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Voters emphatically reject removal of Andrew Jackson statues

By The Examiner staff

Jackson County voters have decided to leave two statues of Andrew Jackson where they are.

The statue of Andrew Jackson on the west side of the Truman Courthouse on the Independence Square has stood since the late 1940s.

With some absentee votes still being counted late Tuesday, the ballot measure was losing with 166,743 no votes (65.1 percent) to 89,241 yes votes. Kansas City voters were in favor of it by a modest margin, but Eastern Jackson County voters said no by a margin of almost three to one.

The statues have been contentious for some time. Late in 2019, county legislators approved a plan by County Prosecutor Jean Peters Baker to place explanatory signs near the two statues, noting President Jackson’s complex and often troubling history. He enslaved people and in some instances was especially cruel toward slaves even by the standards of his day. As president, he carried out the forced removal of Native Americans from their ancestral lands in the Southeast. In what came to be known as the Trail of Tears, thousands died.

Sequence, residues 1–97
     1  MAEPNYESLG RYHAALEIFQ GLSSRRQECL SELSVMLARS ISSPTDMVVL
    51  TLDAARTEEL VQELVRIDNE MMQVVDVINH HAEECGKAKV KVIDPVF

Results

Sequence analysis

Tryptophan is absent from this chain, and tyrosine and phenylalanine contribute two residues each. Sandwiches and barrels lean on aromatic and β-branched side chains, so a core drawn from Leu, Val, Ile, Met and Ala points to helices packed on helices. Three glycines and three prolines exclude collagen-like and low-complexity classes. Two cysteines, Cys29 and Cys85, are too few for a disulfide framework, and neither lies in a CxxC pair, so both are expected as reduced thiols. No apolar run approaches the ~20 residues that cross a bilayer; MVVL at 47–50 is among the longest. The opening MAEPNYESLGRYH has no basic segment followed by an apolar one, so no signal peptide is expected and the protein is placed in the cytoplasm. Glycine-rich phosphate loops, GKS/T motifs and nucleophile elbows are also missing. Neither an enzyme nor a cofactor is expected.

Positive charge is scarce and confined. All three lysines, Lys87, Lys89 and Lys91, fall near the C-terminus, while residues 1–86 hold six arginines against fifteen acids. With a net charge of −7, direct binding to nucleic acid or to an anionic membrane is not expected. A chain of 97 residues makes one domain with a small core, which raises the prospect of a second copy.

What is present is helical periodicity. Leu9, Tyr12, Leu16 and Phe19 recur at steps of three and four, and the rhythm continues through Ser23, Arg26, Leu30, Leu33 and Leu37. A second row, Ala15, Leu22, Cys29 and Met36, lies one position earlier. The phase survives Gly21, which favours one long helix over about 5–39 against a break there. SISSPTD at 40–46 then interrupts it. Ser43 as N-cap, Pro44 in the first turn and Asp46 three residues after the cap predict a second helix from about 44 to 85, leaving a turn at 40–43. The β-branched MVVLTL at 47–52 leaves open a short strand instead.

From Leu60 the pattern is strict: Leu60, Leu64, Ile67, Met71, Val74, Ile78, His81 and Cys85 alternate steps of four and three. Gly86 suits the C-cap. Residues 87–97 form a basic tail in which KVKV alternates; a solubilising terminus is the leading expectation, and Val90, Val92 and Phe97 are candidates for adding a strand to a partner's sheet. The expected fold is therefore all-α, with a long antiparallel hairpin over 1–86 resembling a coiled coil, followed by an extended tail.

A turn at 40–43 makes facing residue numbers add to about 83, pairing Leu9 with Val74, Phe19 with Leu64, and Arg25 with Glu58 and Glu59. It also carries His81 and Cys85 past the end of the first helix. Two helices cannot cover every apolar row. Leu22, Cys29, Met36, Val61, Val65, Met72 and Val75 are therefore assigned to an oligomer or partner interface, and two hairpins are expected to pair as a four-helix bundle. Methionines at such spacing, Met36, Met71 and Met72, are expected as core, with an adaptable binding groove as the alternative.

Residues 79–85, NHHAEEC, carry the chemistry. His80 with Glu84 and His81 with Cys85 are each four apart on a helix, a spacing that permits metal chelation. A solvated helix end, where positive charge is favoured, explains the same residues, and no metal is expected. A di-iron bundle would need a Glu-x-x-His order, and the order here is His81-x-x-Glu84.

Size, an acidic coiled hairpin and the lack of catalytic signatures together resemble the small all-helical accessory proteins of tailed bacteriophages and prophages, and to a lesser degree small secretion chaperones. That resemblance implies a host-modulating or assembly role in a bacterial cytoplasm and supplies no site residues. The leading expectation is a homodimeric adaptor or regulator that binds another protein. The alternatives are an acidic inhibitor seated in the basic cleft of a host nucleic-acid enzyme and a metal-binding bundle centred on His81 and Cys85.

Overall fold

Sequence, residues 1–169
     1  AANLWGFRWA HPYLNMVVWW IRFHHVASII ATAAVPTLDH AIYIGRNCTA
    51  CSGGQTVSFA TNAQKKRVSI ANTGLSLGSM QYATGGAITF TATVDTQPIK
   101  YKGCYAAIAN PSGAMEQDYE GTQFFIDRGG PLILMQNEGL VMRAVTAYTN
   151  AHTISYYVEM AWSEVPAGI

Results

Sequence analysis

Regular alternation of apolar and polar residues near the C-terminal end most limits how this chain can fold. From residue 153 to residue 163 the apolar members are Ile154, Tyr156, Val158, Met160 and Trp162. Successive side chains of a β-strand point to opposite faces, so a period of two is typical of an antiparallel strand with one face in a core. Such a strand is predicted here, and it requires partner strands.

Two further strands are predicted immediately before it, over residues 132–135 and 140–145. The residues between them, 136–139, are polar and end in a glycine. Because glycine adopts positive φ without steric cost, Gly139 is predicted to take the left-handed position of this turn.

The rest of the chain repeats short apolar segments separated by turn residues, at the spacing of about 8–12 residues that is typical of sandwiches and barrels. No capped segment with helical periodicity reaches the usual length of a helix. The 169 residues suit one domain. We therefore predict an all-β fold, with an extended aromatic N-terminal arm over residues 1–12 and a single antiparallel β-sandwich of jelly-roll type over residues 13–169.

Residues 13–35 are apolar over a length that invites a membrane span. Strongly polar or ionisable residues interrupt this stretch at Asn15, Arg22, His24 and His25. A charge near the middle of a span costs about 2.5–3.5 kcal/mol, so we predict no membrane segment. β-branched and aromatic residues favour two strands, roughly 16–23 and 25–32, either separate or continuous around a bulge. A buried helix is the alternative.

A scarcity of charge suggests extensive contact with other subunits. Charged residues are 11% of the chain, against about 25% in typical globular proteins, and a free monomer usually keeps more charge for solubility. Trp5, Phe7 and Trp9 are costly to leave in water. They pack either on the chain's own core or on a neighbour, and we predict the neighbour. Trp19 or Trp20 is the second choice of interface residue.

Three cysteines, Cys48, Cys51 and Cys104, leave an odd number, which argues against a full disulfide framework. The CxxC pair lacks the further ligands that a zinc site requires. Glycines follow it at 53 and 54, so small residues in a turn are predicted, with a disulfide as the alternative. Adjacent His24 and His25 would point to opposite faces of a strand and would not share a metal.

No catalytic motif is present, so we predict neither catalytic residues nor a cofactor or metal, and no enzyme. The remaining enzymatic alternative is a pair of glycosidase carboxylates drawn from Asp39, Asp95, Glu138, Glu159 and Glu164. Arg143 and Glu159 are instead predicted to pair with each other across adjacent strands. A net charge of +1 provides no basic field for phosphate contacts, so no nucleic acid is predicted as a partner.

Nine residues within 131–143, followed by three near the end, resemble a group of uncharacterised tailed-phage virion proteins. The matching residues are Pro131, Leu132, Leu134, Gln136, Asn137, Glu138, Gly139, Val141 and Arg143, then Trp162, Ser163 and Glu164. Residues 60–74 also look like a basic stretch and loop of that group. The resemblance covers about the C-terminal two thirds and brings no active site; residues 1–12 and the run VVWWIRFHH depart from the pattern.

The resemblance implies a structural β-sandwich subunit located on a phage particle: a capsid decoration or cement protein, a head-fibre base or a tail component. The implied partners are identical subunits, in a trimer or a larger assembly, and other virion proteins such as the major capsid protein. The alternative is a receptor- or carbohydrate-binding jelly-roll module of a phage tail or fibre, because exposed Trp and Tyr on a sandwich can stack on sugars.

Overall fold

Baker’s point has been that for many Jackson County residents who are asked to come to the courthouse in the service of their community as jurors or trial witnesses, the statues can be painful reminders of racial injustice.

The signs Baker advocated and legislators approved have not gone up, but County Executive Frank White Jr. and some legislators this year came out in favor of simply removing the statues from such a public place of honor and putting them in a museum setting with a fuller historical context. The County Legislature decided instead to put the issue on the ballot.

After Tuesday’s vote, White’s office released a statement saying the statues “are not an appropriate representation of who we are and who we strive to be as a community – a community that is welcoming, diverse and open-minded.”

“I have a tremendous amount of respect for our democratic process, and while I may not always agree with the outcome, I believe there is something we can learn from every election,” White’s statement said. “I look forward to engaging in more opportunities to eliminate racism and discrimination in Jackson County as we continue the fight for equal rights and justice for those we serve.”